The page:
Photo: Michael KellstrandThe TTB also officially denied a growing number of requests to label spirits GMO-free. In the frequently asked questions page on the TTB website, the agency says that although they have received many requests, “TTB believes it is not necessary to mandate any bioengineered food labeling requirements at this time … This is consistent with the U.S. Food and Drug Administration’s position.”
Jim Rutledge, the 45-year veteran distiller at Four Roses, isn’t worried about the safety of GMO grains. However, the company — which was once owned by the now-defunct Seagrams — does work with one of the last remaining group of farmers in the Midwest who grow non-GMO corn for distillation, largely to appease the international markets, where 90 percent of their product is shipped.
“Seagrams had its own grain division started back in the 1960s,” he says, and although the growers formed their own company when Seagrams went under a few years back, Four Roses continues to pay a premium to ensure non-GMO corn production. Rutledge didn’t want to name the grain source publicly for fear the farmers would be approached by other, larger distillers. Four Roses only produces around 3 million “proof gallons,” which works out to around 300 million gallons of bourbon a year — a number easily dwarfed by companies like Jim Beam.
“The European and Asian markets won’t buy whiskey made with GMO corn,” says Rutledge. But, he adds, “due to cross-pollination, even the farmers not using GMO corn will end up with it eventually. I don’t know how many years we can continue like this.”
Rutledge predicts that by the time Four Roses is unable to get GMO-free corn, however, the larger distilleries will have “paved the way” and essentially changed the industry permanently. “For anyone who wants bourbon, it’ll be a GMO product,” he says. “But we’re a few years away from that now.”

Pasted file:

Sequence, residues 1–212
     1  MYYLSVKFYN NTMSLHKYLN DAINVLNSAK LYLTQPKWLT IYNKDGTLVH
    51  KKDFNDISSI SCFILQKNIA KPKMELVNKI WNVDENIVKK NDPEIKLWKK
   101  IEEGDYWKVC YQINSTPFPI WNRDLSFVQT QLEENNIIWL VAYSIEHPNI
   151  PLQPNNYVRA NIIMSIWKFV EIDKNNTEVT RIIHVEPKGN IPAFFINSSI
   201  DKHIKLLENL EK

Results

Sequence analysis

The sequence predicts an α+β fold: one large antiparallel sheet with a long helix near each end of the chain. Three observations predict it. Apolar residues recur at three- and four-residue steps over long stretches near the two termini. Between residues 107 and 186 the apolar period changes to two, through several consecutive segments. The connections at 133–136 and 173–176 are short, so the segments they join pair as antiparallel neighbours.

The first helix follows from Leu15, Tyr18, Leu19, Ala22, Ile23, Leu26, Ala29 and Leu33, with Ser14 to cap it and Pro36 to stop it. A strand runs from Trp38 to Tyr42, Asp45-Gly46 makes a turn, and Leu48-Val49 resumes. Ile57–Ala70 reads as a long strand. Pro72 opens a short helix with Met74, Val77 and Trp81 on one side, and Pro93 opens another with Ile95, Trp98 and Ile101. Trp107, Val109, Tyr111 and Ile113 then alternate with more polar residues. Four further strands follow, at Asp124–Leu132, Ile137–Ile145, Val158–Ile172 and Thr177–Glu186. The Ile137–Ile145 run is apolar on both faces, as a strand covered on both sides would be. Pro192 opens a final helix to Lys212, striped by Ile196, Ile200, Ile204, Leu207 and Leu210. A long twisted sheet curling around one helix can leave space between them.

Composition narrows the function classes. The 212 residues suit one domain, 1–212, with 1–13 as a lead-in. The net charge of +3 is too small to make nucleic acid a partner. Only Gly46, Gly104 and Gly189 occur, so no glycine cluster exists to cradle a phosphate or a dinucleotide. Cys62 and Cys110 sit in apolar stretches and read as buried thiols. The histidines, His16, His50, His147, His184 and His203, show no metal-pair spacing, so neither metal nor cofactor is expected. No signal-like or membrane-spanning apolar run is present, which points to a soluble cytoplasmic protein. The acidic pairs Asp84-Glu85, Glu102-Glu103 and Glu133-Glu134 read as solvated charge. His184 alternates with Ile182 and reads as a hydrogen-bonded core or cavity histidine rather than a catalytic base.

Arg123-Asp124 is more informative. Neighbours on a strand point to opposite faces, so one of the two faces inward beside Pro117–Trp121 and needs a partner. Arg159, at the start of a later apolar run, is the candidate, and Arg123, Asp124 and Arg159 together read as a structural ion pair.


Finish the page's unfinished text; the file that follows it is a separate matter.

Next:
Wild Turkey Master Distiller Jimmy Russell is a little more cautious. During a tour of the Lawrenceburg, Ky., distillery, he told photographer/blogger Michael Kellstrand why Wild Turkey doesn’t use GMO grains:
The whiskey distilled today will not become a bottled product for another four to 15 years. If a GMO grain is discovered to have an issue five years from now, or if the government decides any GMO products must be labeled as such, then the distillery would be in quite a bind with all that aging product now affected. The premium they pay for non-GMO grain is considered insurance against any possible issues later.
Colin O’Neil, regulatory policy analyst at the Center for Food Safety, says he hasn’t seen any science pointing to genetic material passing through the distillation process. But, as he sees it, that’s not the only cause for concern.
“To assume that the only real risk is contamination of genetic material ignores the fact that these crops by and large either produce an insecticide (which has been shown not to break down in the human gut) or they are engineered to withstand exposure to herbicide.” And farmers are spraying an increasing amount of Roundup and other weed killers as a result of herbicide-resistant “superweeds,” he points out.
“I don’t know what types of pesticide residues are on the corn that goes through the distillation process,” O’Neil adds, “but residue in any form presents an increased exposure to consumers.”
In the case of a product like bourbon, which prides itself on a heritage — and on a tried-and-true distillation method rooted in antiquity — the irony is hard to miss. But O’Neil takes it further: “It’s a fallacy to believe that bourbon is the same as it was before there were genetically engineered crops out there.”